Goodbye Nablus, at Least for Now

Being assigned to write a blog regarding my experiences here in Palestine is something which I find to be deceiving in its façade of simplicity. How to encapsulate three busy and complex months’ worth of adventures and thoughts so abstract from my daily life at home in a way that conveys the true process and learning that I have had is difficult. Reflecting on being an intern at TYO is like rapidly flicking through a photo album without a pause for thought. There are so many emotions and details to ponder, but an insufficient amount of time in which to do so. Do I talk about the uniqueness of the TYO centre, the culture and cuisine, or the beauty of the land here? Chilling by the sea

Given that it’s my last week here, I have been processing my departure every now and then: What will I miss? What can I do in the final days before I leave? How do I feel about glimpsing into lives here before being jerked back into my reality of home in Western Europe? What history will unfold here in the next few months and years? Some of these questions are easier to answer than others. The latter is something which I cannot explore here, but I hope it involves the white dove of peace.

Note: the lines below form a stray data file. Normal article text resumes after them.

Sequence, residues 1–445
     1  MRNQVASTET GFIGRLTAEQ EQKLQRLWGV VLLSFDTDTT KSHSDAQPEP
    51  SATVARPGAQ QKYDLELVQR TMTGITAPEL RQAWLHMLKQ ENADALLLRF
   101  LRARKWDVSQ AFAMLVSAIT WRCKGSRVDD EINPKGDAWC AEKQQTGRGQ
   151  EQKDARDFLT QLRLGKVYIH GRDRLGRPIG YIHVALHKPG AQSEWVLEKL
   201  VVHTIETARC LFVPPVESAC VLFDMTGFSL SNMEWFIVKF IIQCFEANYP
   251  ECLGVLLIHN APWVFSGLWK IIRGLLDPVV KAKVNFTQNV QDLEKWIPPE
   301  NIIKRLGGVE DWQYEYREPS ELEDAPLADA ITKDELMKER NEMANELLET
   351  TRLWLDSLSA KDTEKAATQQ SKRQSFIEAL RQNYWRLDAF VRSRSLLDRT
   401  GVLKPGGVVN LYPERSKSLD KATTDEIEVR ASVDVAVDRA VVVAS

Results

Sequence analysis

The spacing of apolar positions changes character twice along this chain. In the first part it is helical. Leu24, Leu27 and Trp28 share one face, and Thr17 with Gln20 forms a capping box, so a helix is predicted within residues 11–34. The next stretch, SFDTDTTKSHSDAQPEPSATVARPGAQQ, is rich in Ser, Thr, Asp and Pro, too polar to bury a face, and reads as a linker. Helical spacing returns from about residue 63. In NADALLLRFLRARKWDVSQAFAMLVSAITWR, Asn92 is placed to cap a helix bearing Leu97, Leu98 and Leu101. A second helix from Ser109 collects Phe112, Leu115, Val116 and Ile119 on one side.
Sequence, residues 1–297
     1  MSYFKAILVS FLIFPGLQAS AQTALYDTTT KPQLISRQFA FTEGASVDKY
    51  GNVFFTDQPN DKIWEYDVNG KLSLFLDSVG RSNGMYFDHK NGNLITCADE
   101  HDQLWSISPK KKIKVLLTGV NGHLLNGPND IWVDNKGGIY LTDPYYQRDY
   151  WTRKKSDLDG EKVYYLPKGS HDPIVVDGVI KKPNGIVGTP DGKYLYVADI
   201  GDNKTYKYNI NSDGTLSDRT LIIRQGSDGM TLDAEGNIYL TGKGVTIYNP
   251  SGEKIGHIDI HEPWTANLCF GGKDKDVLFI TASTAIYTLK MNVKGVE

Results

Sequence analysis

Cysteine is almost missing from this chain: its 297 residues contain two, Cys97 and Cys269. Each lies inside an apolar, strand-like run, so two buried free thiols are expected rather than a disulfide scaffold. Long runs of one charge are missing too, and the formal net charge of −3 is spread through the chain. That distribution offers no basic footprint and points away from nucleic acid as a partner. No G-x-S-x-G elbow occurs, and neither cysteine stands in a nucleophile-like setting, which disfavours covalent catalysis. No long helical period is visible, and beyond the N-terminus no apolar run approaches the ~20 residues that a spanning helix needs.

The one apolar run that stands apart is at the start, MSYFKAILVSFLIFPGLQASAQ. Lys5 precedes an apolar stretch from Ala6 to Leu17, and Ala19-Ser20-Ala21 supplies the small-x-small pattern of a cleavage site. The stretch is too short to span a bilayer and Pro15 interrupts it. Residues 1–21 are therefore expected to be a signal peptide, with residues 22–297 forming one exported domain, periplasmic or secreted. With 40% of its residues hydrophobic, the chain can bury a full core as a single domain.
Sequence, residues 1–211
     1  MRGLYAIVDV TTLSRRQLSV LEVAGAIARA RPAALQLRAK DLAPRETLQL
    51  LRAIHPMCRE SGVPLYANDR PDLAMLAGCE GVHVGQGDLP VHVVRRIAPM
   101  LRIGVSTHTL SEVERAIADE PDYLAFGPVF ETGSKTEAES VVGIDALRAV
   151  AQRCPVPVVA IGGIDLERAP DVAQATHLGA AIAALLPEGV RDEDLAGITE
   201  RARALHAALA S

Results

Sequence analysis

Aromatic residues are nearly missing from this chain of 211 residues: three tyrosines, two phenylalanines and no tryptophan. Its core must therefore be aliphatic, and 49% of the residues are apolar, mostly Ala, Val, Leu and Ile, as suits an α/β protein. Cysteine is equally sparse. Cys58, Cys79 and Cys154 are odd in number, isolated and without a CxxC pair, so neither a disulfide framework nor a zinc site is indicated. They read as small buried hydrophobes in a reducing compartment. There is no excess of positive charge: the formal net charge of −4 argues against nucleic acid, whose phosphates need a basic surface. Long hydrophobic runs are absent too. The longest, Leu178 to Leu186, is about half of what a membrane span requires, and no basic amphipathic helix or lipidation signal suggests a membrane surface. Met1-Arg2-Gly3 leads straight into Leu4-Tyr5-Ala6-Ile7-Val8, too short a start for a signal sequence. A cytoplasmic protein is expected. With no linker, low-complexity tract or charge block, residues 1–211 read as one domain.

Playing at the park with Mo'ayyad, Elya and Ahmad

For me, it is clear what I will miss most. As I outlined in my first blog, the people are always the center of my lasting memory when I travel. Indeed, sites, cuisine, culture, and climate all contribute to this but overwhelmingly, it is those I meet who will stay imprinted in my mind. It would be false for me to assert that every encounter I had here was positive. Naturally, there are bad interactions as there are good. What strikes me here though is the number of warm, welcoming, and friendly people I have found here in Palestine. It is them, their laughter, their ideas, and the light that shone from them that I will miss most.

Clowning around with soccer volunteers Samer and Mohammad

It is sad to be counting down the days until the end but, alas, it cannot be avoided at this point. Not knowing what the future will hold for Palestine is not a reassuring or exciting prospect for me, but it is something which I try not to focus on. Instead of being unhappy and worried about what may happen, I prefer to think about how thankful I am for having had this opportunity. Being upset at leaving this place demonstrates to me that I enjoyed my time here, that I made the most of my experiences and that I did the right thing by coming to Nablus. For that I am truly grateful and who knows, maybe one day soon I can come back. In the meantime, I will take a small piece of Palestine with me in my heart. I hope that I can return here at some point to learn, grow, and laugh some more.

Inshallah (God willing).

Beautiful Palestine

 

 

Niamh, Spring 2017 International Intern